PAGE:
Agile Frameworks

Different from traditional waterfall-style project management, agile frameworks are more suitable for environments with a high degree of uncertainties and fast-paced innovation and, hence, are more appropriate for software projects.

Dealing with Uncertainties

Agile refers to a practice, specifically in software development, involving the discovery of requirements and the development of solutions in a collaborative manner with cross-functional teams working together with customers. Agile advocates adaptive planning, evolutionary approaches, and early deliveries with continuous improvements such that it is possible to respond to changes quickly. There is no such thing as a prescribed linear plan as it exists for waterfall methods.

Agile Manifesto

The Agile Manifesto sets the foundation for any agile practices with just 4 core values:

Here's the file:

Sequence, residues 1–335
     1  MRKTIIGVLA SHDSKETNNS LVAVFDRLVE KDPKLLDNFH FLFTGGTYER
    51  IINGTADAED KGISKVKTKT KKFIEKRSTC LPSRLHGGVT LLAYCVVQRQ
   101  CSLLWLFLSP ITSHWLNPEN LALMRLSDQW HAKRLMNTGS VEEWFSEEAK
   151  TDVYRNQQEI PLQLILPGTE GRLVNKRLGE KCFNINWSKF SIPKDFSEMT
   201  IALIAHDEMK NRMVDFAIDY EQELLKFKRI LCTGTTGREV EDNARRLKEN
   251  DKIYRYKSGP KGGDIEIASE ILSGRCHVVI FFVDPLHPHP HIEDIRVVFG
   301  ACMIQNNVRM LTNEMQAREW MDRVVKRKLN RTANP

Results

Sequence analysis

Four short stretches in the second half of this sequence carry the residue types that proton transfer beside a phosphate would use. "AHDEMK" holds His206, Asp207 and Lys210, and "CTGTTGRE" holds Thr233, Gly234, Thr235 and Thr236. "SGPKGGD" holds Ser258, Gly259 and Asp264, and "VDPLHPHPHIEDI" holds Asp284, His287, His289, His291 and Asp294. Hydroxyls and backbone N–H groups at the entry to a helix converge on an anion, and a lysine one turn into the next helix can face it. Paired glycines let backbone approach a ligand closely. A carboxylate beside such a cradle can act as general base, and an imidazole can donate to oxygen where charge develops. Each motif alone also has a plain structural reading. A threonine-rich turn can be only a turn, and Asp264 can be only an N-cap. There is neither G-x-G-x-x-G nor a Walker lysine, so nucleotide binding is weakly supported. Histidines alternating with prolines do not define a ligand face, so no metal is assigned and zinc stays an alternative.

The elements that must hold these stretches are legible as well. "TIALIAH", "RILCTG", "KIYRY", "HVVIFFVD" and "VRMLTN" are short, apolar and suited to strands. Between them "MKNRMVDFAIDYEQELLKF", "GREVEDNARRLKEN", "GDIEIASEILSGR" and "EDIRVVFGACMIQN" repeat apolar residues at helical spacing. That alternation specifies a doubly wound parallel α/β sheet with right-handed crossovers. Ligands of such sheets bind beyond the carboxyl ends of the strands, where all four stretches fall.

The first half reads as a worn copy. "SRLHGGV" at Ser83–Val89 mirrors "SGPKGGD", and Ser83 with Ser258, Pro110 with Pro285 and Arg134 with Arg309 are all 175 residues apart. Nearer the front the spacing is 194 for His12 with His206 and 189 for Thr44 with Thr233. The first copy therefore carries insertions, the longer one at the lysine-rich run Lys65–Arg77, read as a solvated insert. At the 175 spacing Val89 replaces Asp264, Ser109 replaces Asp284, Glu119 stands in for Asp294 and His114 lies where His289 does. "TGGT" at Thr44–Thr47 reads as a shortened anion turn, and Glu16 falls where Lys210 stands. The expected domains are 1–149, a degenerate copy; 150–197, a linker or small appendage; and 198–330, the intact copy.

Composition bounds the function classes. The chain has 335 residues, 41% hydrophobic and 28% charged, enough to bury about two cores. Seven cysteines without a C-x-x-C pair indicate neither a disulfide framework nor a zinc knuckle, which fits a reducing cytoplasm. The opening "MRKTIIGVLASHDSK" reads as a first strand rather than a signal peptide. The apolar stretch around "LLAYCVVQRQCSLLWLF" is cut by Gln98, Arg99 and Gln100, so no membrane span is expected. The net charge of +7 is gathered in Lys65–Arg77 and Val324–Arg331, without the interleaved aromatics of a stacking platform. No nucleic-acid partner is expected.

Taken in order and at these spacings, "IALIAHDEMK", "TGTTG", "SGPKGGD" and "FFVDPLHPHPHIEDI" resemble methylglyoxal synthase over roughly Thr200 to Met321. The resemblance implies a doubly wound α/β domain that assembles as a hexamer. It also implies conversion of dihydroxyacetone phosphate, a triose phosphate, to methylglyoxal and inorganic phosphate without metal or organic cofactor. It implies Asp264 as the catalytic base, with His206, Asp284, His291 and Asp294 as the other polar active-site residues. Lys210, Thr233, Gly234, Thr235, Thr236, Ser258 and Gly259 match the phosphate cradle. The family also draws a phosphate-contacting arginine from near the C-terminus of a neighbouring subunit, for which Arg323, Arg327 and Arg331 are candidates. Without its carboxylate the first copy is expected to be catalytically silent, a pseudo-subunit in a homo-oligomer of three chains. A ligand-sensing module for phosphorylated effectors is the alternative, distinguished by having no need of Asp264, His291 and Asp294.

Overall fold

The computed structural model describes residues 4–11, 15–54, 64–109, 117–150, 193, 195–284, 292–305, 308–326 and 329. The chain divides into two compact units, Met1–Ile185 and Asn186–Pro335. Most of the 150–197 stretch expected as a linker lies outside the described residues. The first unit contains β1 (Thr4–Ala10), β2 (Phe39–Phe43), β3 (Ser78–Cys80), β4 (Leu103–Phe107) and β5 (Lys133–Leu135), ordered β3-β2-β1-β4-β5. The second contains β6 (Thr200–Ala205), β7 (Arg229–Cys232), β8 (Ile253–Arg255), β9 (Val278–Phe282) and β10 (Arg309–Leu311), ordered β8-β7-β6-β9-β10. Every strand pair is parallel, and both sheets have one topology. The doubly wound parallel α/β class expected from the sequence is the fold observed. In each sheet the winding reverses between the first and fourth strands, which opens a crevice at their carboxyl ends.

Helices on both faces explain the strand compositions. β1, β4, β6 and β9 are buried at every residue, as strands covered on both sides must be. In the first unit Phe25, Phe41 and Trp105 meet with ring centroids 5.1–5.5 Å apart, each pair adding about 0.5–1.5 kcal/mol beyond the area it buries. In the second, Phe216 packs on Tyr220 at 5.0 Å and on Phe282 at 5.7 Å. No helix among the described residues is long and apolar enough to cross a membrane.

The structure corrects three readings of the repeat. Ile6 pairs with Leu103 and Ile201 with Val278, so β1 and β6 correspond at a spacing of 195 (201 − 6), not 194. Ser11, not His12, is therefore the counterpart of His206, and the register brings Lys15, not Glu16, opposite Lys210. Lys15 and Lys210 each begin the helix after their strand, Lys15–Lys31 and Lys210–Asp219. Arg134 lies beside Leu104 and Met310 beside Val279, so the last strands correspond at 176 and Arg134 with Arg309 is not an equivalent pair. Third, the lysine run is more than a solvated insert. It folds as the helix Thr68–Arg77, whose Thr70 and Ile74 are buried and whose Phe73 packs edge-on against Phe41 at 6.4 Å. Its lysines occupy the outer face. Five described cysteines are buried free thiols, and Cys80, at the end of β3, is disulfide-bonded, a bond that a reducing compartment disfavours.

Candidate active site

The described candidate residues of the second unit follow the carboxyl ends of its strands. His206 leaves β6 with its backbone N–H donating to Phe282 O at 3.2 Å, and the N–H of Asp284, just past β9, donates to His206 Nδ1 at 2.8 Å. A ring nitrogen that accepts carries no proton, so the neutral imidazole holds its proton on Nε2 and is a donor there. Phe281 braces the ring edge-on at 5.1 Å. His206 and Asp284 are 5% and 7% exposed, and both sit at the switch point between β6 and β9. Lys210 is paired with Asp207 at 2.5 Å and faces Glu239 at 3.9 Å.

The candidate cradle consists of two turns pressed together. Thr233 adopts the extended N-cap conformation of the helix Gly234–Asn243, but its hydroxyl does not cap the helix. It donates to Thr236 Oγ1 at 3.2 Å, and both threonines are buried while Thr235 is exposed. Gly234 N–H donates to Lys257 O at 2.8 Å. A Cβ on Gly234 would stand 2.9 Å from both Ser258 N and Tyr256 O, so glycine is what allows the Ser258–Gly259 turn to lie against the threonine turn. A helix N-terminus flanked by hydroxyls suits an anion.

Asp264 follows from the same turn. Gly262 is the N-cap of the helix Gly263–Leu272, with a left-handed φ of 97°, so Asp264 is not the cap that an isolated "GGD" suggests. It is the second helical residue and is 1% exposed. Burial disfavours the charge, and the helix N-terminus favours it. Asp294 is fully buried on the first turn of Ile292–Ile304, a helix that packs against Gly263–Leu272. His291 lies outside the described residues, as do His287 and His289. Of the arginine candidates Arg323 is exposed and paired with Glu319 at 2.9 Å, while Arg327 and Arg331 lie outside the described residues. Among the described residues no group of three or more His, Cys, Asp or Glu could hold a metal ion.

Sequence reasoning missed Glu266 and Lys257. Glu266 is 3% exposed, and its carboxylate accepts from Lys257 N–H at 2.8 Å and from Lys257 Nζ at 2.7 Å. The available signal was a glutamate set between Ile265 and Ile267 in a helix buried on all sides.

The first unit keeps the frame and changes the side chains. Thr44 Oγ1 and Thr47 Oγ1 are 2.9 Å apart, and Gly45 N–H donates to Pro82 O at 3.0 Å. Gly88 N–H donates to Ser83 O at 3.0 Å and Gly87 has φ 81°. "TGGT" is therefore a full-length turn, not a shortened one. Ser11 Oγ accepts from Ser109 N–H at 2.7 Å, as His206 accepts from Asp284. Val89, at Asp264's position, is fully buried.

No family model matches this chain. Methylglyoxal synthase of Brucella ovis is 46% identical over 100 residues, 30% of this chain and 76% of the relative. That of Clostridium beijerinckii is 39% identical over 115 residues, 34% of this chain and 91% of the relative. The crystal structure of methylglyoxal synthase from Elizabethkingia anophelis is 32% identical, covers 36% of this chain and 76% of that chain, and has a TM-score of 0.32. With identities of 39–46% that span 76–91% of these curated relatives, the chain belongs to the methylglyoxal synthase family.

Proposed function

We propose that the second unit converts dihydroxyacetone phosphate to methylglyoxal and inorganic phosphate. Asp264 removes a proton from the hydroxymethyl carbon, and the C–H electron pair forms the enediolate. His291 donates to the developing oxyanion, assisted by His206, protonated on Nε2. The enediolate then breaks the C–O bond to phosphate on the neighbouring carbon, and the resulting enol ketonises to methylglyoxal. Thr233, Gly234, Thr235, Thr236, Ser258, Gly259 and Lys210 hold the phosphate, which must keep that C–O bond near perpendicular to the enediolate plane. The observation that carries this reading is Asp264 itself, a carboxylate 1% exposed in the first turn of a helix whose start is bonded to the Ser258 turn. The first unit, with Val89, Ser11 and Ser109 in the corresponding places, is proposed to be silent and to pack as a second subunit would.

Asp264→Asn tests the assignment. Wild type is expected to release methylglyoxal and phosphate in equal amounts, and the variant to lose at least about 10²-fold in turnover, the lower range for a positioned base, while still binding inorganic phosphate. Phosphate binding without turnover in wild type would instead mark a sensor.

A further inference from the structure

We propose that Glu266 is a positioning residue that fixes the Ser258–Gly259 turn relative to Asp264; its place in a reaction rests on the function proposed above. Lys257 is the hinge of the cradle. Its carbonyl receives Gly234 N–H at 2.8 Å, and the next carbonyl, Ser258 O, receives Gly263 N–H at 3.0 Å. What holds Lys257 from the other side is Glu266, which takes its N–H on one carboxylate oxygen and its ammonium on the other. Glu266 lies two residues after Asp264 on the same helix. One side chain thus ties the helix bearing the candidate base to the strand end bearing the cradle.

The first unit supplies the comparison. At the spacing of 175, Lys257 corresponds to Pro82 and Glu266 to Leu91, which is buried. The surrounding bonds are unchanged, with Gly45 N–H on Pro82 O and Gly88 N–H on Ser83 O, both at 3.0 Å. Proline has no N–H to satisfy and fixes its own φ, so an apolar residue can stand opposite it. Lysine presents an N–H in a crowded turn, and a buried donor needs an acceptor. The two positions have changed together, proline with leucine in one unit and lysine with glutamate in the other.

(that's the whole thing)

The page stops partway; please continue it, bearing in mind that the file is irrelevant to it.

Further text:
Individuals and interactions over processes and tools
Working software over comprehensive documentation
Customer collaboration over contract negotiation
Responding to change over following a plan

Specifically for agile software projects, these 4 core values are refined with 12 guiding principles:

  • Our highest priority is to satisfy the customer through early and continuous delivery of valuable software.
  • Welcome changing requirements, even late in development. Agile processes harness change for the customer’s competitive advantage.
  • Deliver working software frequently, from a couple of weeks to a couple of months, with a preference for a shorter timescale.